The media may be willing to play along with the governments and avoid the distasteful term 'mercenary' in favor of the more polite 'Contractors' and 'Private Security Firms'. But that kind of window-dressing doesn't change the terrible facts on the ground or hide the hypocrisy.

If the US and European electorates/media aren't willing to hold their own governments responsible for countless honest-to-goodness war crimes being committed by their hired mercenaries, they had better get used to having us call bullsh*t on their kneejerk condemnations of the Israeli government and the the IDF.


Posted by David Bogner on October 24, 2010 | Permalink


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Uh, no kidding.

The contractors were hired to provide security for government officials serving in war zones, instead of having the military do the job. The record on their actions is decidedly mixed, and points up the hypocrisy in the public stance of a few of the Western Nations engaged in war zones.

Posted by: Jordan Hirsch | Oct 24, 2010 2:52:42 PM

According to the Times article, the U.S., U.K. and many other countries have (pretty much from the start) supplemented their armed presence in Iraq and Afghanistan with huge numbers of mercenaries; far more, in fact than their official military deployments.
A former student of mine, who studied in France and then in the UK, did her thesis on this topic. I'd also worry about the kind of information that could "leak" from such people. I have a feeling they have no particular loyalty to the countries they are supposed to work for, as opposed to serve.
I agree with the rest of your post of course.

Posted by: Ilana-Davitata | Oct 24, 2010 3:23:44 PM

I agree with Ilana's agreeing. And I think you should send today's blog entry to the New York Times. Well written, as usual.

Posted by: Marsha in Englewood | Oct 24, 2010 4:17:29 PM

I'm still amazed at how unbalanced you've gotten over the last 7 years - it's great to see! A little to the right, a little more, a little more...there you go. :)

Posted by: Yeshara | Oct 24, 2010 6:56:14 PM

This is SO correct. Buncha hypocrites.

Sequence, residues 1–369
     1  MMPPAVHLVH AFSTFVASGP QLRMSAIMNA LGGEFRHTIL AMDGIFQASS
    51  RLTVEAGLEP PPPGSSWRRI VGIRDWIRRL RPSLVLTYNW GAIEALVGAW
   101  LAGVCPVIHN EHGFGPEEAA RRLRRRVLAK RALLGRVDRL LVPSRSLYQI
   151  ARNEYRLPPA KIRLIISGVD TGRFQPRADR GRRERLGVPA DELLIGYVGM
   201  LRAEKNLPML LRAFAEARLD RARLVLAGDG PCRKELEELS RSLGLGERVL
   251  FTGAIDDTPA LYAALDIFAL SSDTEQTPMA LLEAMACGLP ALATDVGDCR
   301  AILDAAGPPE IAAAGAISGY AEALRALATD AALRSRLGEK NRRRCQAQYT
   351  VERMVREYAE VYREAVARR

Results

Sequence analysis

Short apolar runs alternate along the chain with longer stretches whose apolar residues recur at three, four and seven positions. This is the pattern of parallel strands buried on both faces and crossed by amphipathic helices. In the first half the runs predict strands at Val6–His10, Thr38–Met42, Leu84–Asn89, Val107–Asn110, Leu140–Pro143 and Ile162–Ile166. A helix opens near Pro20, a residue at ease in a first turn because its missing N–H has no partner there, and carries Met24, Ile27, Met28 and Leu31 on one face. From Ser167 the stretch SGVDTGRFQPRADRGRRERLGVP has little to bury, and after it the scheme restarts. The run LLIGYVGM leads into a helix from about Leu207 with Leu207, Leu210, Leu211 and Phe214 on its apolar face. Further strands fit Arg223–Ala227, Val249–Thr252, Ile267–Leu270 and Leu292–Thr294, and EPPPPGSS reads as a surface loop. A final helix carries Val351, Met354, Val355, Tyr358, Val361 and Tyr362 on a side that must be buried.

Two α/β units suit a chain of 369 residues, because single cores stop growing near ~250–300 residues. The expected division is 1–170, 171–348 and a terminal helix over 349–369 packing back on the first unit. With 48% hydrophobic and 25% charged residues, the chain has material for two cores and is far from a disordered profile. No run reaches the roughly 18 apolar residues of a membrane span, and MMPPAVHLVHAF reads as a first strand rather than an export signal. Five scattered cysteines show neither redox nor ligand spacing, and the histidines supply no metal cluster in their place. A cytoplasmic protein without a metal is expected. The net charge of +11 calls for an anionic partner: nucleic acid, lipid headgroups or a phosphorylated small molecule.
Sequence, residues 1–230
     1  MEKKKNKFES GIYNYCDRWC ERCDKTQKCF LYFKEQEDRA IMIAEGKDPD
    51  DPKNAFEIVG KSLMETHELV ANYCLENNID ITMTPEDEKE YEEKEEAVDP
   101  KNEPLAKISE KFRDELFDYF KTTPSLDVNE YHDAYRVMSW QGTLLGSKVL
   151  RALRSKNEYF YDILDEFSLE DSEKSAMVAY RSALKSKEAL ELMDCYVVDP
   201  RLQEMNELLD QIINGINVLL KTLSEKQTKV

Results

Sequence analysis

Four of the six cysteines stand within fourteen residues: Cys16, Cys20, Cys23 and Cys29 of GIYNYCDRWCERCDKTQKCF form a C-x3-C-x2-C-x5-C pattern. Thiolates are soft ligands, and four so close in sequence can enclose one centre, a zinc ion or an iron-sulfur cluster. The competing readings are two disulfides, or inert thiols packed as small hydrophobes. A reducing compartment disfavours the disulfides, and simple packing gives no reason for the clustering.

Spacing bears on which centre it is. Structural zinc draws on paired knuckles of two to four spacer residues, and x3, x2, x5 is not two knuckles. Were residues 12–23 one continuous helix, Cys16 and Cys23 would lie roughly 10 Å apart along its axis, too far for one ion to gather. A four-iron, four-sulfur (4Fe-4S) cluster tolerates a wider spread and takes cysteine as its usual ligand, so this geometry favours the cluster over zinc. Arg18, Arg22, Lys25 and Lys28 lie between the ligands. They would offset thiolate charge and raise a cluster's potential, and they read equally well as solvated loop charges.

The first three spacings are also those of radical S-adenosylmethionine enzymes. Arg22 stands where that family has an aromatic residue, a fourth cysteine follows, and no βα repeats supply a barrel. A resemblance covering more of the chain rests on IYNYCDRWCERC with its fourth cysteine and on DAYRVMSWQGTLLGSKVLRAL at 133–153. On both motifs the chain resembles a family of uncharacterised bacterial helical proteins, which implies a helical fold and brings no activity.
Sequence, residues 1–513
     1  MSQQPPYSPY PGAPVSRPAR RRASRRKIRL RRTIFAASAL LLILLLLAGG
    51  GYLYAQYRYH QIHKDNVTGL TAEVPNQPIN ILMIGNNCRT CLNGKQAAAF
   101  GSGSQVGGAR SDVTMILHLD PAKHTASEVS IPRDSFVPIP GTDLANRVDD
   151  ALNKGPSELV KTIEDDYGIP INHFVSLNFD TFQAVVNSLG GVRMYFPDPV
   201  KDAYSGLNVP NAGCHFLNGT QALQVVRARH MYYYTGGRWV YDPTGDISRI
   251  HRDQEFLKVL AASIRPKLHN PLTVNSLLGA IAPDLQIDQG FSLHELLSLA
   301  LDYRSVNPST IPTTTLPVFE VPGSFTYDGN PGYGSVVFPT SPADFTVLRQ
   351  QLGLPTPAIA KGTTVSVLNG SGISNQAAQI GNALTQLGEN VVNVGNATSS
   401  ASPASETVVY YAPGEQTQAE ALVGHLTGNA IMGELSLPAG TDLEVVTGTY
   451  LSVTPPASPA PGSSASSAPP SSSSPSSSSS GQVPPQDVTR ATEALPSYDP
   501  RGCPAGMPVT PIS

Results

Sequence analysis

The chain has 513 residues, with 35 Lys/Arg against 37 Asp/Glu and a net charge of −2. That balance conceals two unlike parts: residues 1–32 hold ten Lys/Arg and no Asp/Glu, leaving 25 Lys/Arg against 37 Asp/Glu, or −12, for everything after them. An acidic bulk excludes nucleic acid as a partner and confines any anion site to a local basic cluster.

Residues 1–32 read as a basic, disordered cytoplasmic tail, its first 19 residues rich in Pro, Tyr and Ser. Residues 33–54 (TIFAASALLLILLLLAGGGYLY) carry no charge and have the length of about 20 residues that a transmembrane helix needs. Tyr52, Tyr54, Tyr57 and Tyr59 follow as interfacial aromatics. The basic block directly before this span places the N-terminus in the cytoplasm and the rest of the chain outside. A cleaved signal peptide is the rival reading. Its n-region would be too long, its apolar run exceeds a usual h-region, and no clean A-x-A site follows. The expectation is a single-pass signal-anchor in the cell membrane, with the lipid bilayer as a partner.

Posted by: Mark | Oct 24, 2010 9:25:49 PM

The mercenaries outnumbered actual service personnel 3 to 1. What were they doing, aside from stealing? They were guarding American installations like the rockin' new embassy and, of course, the oil fields. Worst of all, they were assassins for hire - not of terrorists or of insurgency bank-rollers, but of US service members who objected to their activities. While the US military was assigned the fool's errand of winning hearts and minds, Blackwater (now Xe), Triple Canopy, Khaki et. al., were telling the military where they could and could not go. Indeed, the military had to plan with mercenary allowance, so as not to disturb their schemes (let's just say they also fancy themselves as "corporate" intelligence services). As an Israeli adviser and translator for the US military, they threatened me and the unit I was with when I told them we would not be taking their orders and they could either help us or stand down. Their response was "You never know what kind of accidents happen out here." I was pulled out and harsh words were exchanged up the line, but I do not know what became of it. Probably nothing.

Of course, the contractors had an easy time recruiting military personnel when their hitch was up. You can work up a real head of steam when you've watched your buddies hit by IEDs or when you discover that you've been given non- potable water to drink by Brown & Root or you were nearly electrocuted in a shower rigged up by yet more contractors who weren't doing their jobs. You spent long days boiling or freezing, with no sense of mission (you know you're at that point when everyone starts saying "Well, I'm a soldier and I'm doing what my Commander in Chief asks me to do,") and morale was in the toilet due to extended deployments. The mercenaries could really let you get your anger on, without recourse to the Uniform Code of Military Justice, and they paid well, too.

Posted by: Gramoflanz | Oct 24, 2010 9:54:41 PM

For me as a cynical American who understands himself to be living under corporate feudalism the rule is:

אל תקרא קונטראקטור אלא מרסנרי

תשמר, פן מדינת ישראל יהיה כמו ארצות הברית - אפשר לראות את הסימנים בחדשות

Posted by: Rich | Oct 25, 2010 9:58:29 PM